At these stakeholder's events, Wal-Mart touts its philanthropic record, its hiring of minorities, and other corporate policies relevant to the black community. It is unlikely that Wal-Mart discussed the Dukes V. Wal-Mart case, the largest class action lawsuit in the history of retailing, in which the lead plaintiff suing Wal-Mart is a black woman. "There's a lot of negative information out there about Wal-Mart, and they were trying to get their side of the story out," Crain's quoted one member of 100 Black Men of New York as saying.
The Wal-Mart summit was apparently a sound check for the retailer's upcoming push into Manhattan, which will be patterned on its work in Chicago, where black churchs and politicians were recruited to carry Wal-Mart's water. A company spokesman told Crain's the black leaders were being prepped for "helping us tell the Wal-Mart story."
Thus far, union and political leaders in the New York boroughs have been telling Wal-Mart's story too---but theirs is a tale of exploitation, of racial discrimination, and of congenital anti-labor behavior. The Black Power movement of the 1960s, which preached self-empowerment, and local control of business, has been supplanted by Wal-Mart's pitch for corporate benevolence and southern carpetbagging. Wal-Mart targets minority areas, arguing that only they go into 'food deserts' to open up grocery stores where other chain stores have fled. But what happened to the local black entrepreneurs? They now wear a Wal-Mart ID tag on their polo shirt.
Crain's reports that Wal-Mart has retained the same lobbyist that Ikea used to help push its way into the Brooklyn neighborhood of Red Hook, a site that drew fire from the anti-big box neighbors. So Wal-Mart invited leaders from the Urban League, the NAACP and other black groups to drink the kool-aid in Bentonville. But not everyone is drinking. The head of one group, The Black Institute, told Crain's, "I don't care who they sequester in Bentonville, they're going to get a fight."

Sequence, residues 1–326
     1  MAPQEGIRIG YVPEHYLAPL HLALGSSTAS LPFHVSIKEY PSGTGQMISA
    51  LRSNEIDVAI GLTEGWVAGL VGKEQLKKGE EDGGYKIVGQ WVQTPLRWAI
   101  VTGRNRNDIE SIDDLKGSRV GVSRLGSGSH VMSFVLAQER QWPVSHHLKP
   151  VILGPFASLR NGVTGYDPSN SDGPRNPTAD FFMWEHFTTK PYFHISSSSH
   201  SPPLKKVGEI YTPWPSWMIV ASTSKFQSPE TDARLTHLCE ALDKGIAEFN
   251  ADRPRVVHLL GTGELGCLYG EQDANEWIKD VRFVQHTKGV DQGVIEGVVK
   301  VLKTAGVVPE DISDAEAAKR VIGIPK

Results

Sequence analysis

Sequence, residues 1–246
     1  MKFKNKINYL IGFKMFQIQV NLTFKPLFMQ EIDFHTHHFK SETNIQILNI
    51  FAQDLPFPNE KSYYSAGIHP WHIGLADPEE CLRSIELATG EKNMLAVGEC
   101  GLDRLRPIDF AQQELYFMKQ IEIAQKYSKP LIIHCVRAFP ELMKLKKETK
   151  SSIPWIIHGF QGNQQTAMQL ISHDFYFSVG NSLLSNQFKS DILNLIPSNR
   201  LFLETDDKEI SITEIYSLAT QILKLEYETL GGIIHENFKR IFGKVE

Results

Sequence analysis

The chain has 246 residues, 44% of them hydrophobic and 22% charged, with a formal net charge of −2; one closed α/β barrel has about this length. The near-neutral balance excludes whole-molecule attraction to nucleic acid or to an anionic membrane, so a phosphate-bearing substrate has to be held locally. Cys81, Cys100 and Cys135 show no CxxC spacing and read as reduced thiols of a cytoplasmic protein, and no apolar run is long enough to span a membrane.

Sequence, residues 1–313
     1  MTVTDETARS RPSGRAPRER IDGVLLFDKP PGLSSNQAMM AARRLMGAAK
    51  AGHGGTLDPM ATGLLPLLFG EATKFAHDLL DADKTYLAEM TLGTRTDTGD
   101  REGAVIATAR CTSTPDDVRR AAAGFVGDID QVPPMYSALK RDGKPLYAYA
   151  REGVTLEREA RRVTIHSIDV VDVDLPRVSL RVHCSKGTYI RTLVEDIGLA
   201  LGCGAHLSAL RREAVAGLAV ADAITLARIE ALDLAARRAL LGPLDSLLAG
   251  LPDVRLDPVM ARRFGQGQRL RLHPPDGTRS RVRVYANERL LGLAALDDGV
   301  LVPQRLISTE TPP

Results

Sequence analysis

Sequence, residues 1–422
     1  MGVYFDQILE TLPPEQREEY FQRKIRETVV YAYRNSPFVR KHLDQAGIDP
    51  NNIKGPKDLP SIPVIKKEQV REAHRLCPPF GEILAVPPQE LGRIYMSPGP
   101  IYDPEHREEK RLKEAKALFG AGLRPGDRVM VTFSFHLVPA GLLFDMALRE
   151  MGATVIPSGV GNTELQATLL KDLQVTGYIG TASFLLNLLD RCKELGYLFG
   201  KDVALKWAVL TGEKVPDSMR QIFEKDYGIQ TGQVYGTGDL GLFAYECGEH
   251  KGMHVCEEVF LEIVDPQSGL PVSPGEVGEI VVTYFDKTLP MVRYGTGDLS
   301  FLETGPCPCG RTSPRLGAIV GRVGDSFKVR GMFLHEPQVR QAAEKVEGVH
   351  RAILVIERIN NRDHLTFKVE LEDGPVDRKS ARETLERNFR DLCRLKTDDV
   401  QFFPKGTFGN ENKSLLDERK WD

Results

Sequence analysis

Some black leaders have been hard to convert to Wal-Mart's voodoo economics. During the Andrew Young fiasco, the Reverend Jeremiah Wright, a black church leader in Chicago, criticized Young for taking a paid position as a Wal-Mart spokesman. Wright accused Young of "siding with the filthy rich who are oppressing the poor." In October of 2006, Jesse Jackson, Sr., president of the Rainbow/PUSH Coalition, had charged that Wal-Mart was trying to buy off its critics in the black community. "Rainbow/PUSH has criticized Wal-Mart openly and publicly and consistently and they've tried to virtually throw money at us," Jackson told the Louisiana Weekly newspaper. But Jackson refused to take Wal-Mart money. "I think they want to leverage our organization. I think they want to leverage us into silence. And, I'm not being self-righteous, but we feel that we ought to be the last one to stand if it comes to that."
Wal-Mart apparently feels that opinion leaders in the minority community can be purchased at an everyday low price, and that black stakeholders can become Wal-Mart sign-holders. But community leaders of any color who believe that Wal-Mart creates new jobs, don't understand what the economic libertarians call creative destructionism--the process of destroying existing jobs in order to create 'new' ones. The former employees at Circuit City, for example, understand this dynamic.
No amount of good works or philanthropy can clean the hands of the "filthy rich," or cover over the global exploitation of human resources that lies at the heart of Wal-Mart's success.
Reverend Sharpton will find no economic salvation in Bentonville. Instead he will taste the philosophical equivalent of what Andrew Young once called "stale bread and bad meat."
Al Norman is the founder of Sprawl-Busters, which has helped communities fight big box sprawl for the past 17 years. He is the author of Slam-Dunking Wal-Mart.